The Evolutionary Nash Program

The click here Evolutionary Nash Program  is a literature that studies connections between evolutionary game theory and cooperative game theory. It is named after the original Nash Program, proposed by John Nash, that studies connections between non-cooperative game theory and cooperative game theory.

Nash Program Non-cooperative game theory  <-> Cooperative game theory
enter Evolutionary Nash Program Evolutionary game theory <-> Cooperative game theory

Models within the Evolutionary Nash Program give a social norm, or to put it another way, a social choice, as output.

So, although most of the Evolutionary Nash Program does not explicitly feature collective agency, it does show the emergence of social norms that can, in turn, facilitate collective agency.

One strand of the Evolutionary Nash Program looks at the links between coordination games under perturbed dynamics (evolutionary game theory) and bargaining solutions (cooperative game theory).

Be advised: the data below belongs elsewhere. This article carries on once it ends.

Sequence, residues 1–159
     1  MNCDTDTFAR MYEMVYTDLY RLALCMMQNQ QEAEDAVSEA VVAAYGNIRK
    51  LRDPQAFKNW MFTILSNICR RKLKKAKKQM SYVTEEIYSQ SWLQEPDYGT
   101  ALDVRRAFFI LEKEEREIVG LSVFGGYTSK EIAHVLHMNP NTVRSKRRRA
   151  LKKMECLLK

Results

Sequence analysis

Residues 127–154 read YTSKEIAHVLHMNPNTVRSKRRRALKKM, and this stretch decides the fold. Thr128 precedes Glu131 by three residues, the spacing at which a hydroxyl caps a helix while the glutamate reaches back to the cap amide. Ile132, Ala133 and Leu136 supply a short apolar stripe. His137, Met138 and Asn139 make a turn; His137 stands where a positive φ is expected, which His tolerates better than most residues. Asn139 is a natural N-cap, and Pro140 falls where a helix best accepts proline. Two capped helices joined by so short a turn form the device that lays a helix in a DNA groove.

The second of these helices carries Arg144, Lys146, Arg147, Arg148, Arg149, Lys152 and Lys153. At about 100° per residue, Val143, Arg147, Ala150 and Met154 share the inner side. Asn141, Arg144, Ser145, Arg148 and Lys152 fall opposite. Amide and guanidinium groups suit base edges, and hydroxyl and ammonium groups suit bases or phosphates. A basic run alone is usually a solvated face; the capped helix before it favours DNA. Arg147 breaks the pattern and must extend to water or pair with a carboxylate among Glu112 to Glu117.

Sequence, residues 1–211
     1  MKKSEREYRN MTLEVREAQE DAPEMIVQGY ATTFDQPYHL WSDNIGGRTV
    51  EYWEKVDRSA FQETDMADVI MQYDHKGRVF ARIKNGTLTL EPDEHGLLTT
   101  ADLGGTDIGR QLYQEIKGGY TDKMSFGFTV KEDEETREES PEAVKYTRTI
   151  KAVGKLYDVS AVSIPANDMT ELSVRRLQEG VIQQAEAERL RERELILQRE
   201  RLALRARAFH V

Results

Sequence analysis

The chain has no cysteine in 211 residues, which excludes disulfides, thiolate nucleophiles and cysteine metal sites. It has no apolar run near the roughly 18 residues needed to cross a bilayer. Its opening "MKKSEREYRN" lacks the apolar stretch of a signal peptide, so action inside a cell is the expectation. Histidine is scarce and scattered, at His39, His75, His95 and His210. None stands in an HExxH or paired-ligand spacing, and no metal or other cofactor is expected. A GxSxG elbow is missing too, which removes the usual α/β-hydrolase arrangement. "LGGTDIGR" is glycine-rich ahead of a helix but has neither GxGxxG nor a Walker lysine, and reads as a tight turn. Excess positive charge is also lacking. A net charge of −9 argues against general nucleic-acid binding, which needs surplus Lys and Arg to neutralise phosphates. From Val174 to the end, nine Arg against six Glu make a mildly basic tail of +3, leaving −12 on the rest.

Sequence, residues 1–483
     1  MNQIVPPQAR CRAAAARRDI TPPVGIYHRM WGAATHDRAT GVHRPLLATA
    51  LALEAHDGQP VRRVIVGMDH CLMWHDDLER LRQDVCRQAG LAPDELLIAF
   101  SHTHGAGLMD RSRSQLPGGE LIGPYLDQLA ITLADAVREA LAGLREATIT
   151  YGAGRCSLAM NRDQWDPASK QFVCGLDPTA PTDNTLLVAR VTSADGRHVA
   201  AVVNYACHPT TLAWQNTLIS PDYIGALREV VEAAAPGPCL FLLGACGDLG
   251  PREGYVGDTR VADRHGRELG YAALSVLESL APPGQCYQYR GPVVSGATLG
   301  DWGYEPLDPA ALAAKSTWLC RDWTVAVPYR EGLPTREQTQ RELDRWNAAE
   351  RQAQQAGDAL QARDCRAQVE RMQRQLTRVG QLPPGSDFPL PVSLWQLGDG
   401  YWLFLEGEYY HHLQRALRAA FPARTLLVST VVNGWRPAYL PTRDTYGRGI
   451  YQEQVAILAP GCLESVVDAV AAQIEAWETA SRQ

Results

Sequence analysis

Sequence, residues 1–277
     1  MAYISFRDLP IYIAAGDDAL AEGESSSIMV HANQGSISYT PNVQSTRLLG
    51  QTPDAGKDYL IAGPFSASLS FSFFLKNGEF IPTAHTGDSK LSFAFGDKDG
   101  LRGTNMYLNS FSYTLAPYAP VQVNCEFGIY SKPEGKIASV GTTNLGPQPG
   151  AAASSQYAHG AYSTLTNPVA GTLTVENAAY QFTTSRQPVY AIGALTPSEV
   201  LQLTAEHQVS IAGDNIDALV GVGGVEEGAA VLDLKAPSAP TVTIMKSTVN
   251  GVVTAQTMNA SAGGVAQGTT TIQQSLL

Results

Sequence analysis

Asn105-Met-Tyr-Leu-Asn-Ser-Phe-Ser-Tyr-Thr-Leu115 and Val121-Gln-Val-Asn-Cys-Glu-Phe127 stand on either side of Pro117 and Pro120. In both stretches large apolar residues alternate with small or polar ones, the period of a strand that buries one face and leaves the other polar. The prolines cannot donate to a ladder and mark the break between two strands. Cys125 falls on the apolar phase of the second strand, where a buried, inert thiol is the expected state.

Conventional contracts, H.P.Young, Review of Economic Studies (1997).

clindamycin gel price Evolutionary bargaining with intentional idiosyncratic play, S.Naidu, S-H.Hwang & S.Bowles, Economics Letters (2010).

Conventional contracts, intentional behavior and logit choice: equality without symmetry, S-H Hwang, W.Lim, P.Neary & J.Newton, Games and Economic Behavior (2018).

Another strand of the Evolutionary Nash Program looks at Nash demand games under perturbed dynamics (evolutionary game theory) and selection within the core (cooperative game theory).

An evolutionary model of bargaining, H.P.Young, Journal of Economic Theory (1993).

Perturbed adaptive dynamics in coalition form games, M.Agastya, Journal of Economic Theory (1999).

Recontracting and stochastic stability, J.Newton, Journal of Economic Theory (2012).

Yet another area within the Evolutionary Nash Program analyzes selection within the core in matching models.

Evolutionary dynamics and equitable core selection in assignment games, H.H.Nax & B.S.R.Pradelski, International Journal of Game Theory (2015).

Stochastic stability in assignment problems, B.Klaus & J.Newton, Journal of Mathematical Economics (2016).